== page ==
The emergence of nonprofit organizations dedicated to advancing the floral industry through funds and research in for the benefit industry players and allied trade organizations boost the market growth opportunities. For instance, AFE sponsored over $17 million to industry projects to tackle floriculture market challenges and retain a knowledgeable and skilled workforce.

Furthermore, penetration of internet, e-commerce platforms for buying flowers, and use of Instagram as an effective marketing tool drive floriculture market growth. Accordingly, bedding plants through online retail to the public or to landscaping companies with increasing need for green roofs and green walls thrust the bedding plant market growth over the forecast period. However, the uncertainty supply, regulatory restrictions on the use of pesticides, and the additional costs of perishable nature of flowers are the key factors challenging the market growth.

RFID emerges as a transformative technology market trend across the floriculture industry during the forecast period RFID technology reduces the burden of high costs of air freight by allowing flowers to be transported using a cheaper mode of transport like seaways. Time-temperature indicators (TTI) and smart labels indicate time-temperature history and are useful for tracking the environment which preserves the flowers. In addition, emergence of fresh flower market across the United States with strong exports from Mexico, Colombia, Indonesia and other shapes the floriculture market of Americas with recordable market value during the forecast.

Read more   https://agriculture.einnews.com/pr_news/505832278/floriculture-market-is-anticipated-to-expand-at-a-promising-cagr-of-5-73-during-2020-2026-o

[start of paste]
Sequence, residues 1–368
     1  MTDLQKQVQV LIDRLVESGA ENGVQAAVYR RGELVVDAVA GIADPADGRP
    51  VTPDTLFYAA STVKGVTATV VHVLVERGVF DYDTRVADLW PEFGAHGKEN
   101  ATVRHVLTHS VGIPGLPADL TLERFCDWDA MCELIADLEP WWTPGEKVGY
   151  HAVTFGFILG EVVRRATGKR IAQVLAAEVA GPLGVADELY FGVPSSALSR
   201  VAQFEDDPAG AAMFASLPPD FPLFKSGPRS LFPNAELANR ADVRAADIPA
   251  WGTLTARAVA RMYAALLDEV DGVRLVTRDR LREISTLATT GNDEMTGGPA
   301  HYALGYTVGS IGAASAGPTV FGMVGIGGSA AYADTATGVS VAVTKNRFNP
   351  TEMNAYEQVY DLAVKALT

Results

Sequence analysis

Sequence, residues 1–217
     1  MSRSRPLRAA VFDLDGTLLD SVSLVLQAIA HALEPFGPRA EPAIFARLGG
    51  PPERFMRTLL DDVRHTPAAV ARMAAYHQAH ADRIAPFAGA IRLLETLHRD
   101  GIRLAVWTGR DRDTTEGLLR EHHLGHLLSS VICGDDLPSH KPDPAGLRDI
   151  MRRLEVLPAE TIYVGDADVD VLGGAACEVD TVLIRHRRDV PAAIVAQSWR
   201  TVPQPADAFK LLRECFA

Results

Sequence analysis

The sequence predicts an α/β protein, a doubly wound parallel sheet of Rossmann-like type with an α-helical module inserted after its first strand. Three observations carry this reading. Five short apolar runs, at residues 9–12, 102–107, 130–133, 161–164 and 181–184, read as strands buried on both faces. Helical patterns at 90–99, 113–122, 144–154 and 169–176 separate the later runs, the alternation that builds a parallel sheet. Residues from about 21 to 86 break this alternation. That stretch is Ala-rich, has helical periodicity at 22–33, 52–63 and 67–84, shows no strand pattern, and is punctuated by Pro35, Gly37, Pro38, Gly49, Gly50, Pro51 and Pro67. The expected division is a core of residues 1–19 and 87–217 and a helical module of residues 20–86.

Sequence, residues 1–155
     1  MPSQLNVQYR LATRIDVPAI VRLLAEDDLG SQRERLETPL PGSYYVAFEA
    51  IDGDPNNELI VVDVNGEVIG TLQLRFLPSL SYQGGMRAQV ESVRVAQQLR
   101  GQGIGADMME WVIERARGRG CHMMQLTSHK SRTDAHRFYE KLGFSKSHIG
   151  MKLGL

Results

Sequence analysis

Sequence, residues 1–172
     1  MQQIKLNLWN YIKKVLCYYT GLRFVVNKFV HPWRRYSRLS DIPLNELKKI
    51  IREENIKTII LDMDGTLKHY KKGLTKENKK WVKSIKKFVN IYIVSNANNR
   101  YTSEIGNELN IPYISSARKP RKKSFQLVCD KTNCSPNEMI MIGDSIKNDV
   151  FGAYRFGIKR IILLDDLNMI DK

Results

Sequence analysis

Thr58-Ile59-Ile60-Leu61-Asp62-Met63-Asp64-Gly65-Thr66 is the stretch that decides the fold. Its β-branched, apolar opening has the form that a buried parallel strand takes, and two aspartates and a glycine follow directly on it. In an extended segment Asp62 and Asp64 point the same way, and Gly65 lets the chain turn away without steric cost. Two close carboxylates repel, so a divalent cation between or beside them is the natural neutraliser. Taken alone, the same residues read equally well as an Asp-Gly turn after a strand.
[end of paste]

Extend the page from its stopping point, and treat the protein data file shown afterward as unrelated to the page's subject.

US (NY): A new tomato ideal for urban gardens and even outer space

Farmers could soon be growing tomatoes bunched like grapes in a storage unit, on the roof of a skyscraper, or even in space. That’s if a clutch of new gene-edited crops prove as fruitful as the first batch. The primary goal of this new research is to engineer a wider variety of crops that can be grown in urban environments or other places not suitable for plant growth, said Cold Spring Harbor Laboratory Professor and HHMI Investigator Zach Lippman, who leads the lab that designed the ‘urban agriculture tomatoes.’

These new gene-edited tomato plants look nothing like the long vines you might find growing in a backyard garden or in agricultural fields. The most notable feature is their bunched, compact fruit. They resemble a bouquet whose roses have been replaced by ripe cherry tomatoes. They also mature quickly, producing ripe fruit that’s ready for harvest in under 40 days. And you can eat them.

“They have a great small shape and size, they taste good, but of course that all depends on personal preference,” Lippman said. Most importantly, they’re eco-friendly. “This demonstrates how we can produce crops in new ways, without having to tear up the land as much or add excessive fertilizer that runs off into rivers and streams,” Lippman said. “Here’s a complementary approach to help feed people, locally and with a reduced carbon footprint.”

That’s good news for anyone concerned about climate change. Earlier this year, the UN Intergovernmental Panel on Climate Change (IPCC) warned that more than 500 million people are living on land already degraded by deforestation, changing weather patterns, and overuse of viable cropland. By shifting some of the burden of growing the world’s crops to urban and other areas, there’s hope that desperate land mismanagement will slow.

Urban agricultural systems often call for compact plants that can be slotted or stacked into tight spaces, such as in tiered farming in warehouses or in converted storage containers. To make up for crop yield constrained by limited space, urban farms can operate year-round in climate-controlled conditions. That’s why it’s beneficial to use plants that can be grown and harvested quickly. More harvests per year results in more food, even if the space used is very small.